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Brainwave Entrainment with Audio

Using audio to entrain brainwaves was another big discovery.

It started in 1839, when a Prussian scientist known as Heinrich Wilhelm Dove uncovered something that we now call "binaural beats" - although at the time he didn't have the scientific validation to prove his discovery.

H.W. Dove found that by playing different frequencies in each ear, the difference between those frequencies is realized inside the head – a perceived pulse or beat, also known as a binaural beat.

For example, if you played 400Hz into the left ear, and 410Hz into the right ear, the difference of 10Hz is actually 'heard' by the brain.

In other words, H.W. Dove found a way of exposing the brain to a particular frequency.

And, as we already know, when the brain is 'listening' to these low frequencies, it will automatically entrain itself to them – which, in turn, will bring about the relevant state of mind.

So, for 10Hz, that means the listener will begin to enjoy feelings of relaxation.

It wasn’t until 1959 that this method actually gained both scientific validation and widespread recognition as a brainwave entrainment technique.

Since then, even further research into audible brainwave entrainment has been performed, and fresh, even more powerful techniques have been uncovered - primarily, monaural beats and isochronic tones.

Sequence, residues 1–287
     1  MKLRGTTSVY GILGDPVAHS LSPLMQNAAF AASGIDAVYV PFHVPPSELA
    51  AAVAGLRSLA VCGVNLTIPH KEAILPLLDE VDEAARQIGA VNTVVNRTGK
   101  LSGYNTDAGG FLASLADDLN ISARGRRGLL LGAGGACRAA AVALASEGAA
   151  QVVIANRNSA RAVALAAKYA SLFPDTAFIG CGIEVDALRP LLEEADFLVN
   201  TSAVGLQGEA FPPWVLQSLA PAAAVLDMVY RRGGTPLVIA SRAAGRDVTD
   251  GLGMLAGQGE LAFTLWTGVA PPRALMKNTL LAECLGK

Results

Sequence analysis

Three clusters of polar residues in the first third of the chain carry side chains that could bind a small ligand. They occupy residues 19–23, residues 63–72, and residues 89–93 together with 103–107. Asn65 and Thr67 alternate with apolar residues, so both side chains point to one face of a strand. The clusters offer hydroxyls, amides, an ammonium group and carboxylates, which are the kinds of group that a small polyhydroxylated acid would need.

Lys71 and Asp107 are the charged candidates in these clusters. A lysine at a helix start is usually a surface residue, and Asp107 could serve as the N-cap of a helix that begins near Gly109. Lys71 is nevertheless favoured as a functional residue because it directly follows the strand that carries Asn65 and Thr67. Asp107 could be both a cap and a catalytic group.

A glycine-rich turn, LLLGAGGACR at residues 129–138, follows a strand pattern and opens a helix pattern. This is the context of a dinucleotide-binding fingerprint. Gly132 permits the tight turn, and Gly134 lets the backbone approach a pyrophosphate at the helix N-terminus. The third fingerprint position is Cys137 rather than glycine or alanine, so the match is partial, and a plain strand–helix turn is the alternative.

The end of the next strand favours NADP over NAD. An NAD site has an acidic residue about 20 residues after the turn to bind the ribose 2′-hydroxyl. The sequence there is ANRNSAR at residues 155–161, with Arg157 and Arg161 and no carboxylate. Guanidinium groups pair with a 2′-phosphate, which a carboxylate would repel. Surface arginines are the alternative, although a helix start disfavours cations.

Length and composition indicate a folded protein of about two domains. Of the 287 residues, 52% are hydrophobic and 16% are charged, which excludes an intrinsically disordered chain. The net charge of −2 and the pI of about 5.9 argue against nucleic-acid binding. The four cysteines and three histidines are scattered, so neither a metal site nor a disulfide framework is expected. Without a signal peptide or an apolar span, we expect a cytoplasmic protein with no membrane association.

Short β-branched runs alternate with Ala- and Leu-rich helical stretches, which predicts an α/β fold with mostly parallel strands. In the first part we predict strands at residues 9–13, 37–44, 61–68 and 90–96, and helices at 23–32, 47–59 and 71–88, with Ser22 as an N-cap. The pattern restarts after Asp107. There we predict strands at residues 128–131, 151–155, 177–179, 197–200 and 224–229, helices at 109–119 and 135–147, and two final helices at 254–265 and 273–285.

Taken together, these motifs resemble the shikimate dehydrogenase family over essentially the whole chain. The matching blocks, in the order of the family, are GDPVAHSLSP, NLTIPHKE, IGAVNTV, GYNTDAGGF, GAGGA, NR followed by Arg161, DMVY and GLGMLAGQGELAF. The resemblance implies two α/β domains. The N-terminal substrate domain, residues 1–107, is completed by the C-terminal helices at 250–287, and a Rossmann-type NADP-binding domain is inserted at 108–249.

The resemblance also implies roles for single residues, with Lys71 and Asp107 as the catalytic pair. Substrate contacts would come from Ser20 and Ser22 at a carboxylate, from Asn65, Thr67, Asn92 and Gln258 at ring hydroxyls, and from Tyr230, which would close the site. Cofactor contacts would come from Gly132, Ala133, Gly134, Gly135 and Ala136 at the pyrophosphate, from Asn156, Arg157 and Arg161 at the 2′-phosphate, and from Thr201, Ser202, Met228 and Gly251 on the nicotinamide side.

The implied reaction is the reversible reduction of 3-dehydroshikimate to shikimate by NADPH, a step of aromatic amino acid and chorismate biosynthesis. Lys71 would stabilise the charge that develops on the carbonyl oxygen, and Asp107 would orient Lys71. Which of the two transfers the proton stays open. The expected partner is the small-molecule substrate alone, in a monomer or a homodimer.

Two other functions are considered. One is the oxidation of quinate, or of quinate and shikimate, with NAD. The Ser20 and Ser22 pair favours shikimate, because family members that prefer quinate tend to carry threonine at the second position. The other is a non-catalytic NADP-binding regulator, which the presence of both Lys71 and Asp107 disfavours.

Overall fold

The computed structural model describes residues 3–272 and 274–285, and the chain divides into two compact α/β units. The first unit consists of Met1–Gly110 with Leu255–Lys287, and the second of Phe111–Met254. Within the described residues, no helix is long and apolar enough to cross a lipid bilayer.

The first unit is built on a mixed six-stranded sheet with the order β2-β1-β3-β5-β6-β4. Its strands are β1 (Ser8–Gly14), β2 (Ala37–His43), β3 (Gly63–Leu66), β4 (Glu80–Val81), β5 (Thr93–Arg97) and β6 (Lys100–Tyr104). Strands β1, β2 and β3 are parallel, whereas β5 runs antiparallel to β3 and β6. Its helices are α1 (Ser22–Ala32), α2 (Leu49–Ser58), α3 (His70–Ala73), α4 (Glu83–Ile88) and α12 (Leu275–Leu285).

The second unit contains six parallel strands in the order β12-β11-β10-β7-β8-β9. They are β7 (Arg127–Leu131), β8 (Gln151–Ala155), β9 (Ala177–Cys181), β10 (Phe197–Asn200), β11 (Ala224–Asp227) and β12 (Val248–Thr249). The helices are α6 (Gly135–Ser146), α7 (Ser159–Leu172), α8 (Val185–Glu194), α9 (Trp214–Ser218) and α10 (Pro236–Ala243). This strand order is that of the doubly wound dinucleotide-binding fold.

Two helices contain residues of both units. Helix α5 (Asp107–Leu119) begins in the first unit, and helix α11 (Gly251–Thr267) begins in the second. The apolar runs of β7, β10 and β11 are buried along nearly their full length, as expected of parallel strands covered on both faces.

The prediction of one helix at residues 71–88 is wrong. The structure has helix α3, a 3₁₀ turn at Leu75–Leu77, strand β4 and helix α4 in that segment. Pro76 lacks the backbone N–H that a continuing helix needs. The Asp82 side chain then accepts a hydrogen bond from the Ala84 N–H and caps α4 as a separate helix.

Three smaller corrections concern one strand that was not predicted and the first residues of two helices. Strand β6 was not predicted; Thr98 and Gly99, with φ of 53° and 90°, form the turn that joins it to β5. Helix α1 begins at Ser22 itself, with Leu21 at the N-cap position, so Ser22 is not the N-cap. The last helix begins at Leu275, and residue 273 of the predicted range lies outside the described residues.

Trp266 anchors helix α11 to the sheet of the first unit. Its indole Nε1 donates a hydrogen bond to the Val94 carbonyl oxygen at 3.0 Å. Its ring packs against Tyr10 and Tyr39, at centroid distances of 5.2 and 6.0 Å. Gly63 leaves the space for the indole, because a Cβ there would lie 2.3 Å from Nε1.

Monaural beats have the advantage of not requiring headphones, and use a sine wave pulse to generate a desired frequency. They work in a similar way to binaural beats, yet the beat is audible and not merely perceived.

The most powerful discovery however was yet to come.

Binaural beats and monaural beats used indirect methods to create that entrainment beat. That diminished their effectiveness.

Let's pretend that you wanted to entrain to 10Hz. (Remember that hertz simply means cycles per second.) Wouldn't it make more sense to simply play 10 tiny audio beats/pulses per second, and listen to that?

Previously, the technology wasn't available to make such precise recordings. But in the 1980s, modern digital tools made it possible to create the first entrainment recording using this method.

They were called isochronic tones, and they're still the most powerful method of entraining your brainwaves today.

Isochronic tones use separate pulses of a single tone to recreate a particular frequency, and encouragement entrainment. If you were to visualize the sounds, they would look almost like a regular EEG reading.

If you wanted to represent a 10Hz frequency, you would need to switch a certain tone on and off 10 times per second. Considering the speed and accuracy required for this, it's obvious why science had to wait so long for such a discovery.


Sample isochronic tone reading: the contrast of the noise and silence helps to produce greater results than with standard binaural or monaural beats

Although binaural beats are still more widely known, it is generally recognized that isochronic tones have a significantly greater effect during entrainment.

Further techniques such as sound modulation, which involve modifying the original audio to embed entrainment into it, have also become popular as digital technology advances. 

Audio programs which combine various methods, such as the Brain Evolution System, usually produce the best results.

Today, audio is the most popular method of experiencing brainwave entrainment - not only due to its convenience, but also its strength over other entrainment techniques.


Sample EEG reading, following 15 minutes of the BrainEv program.

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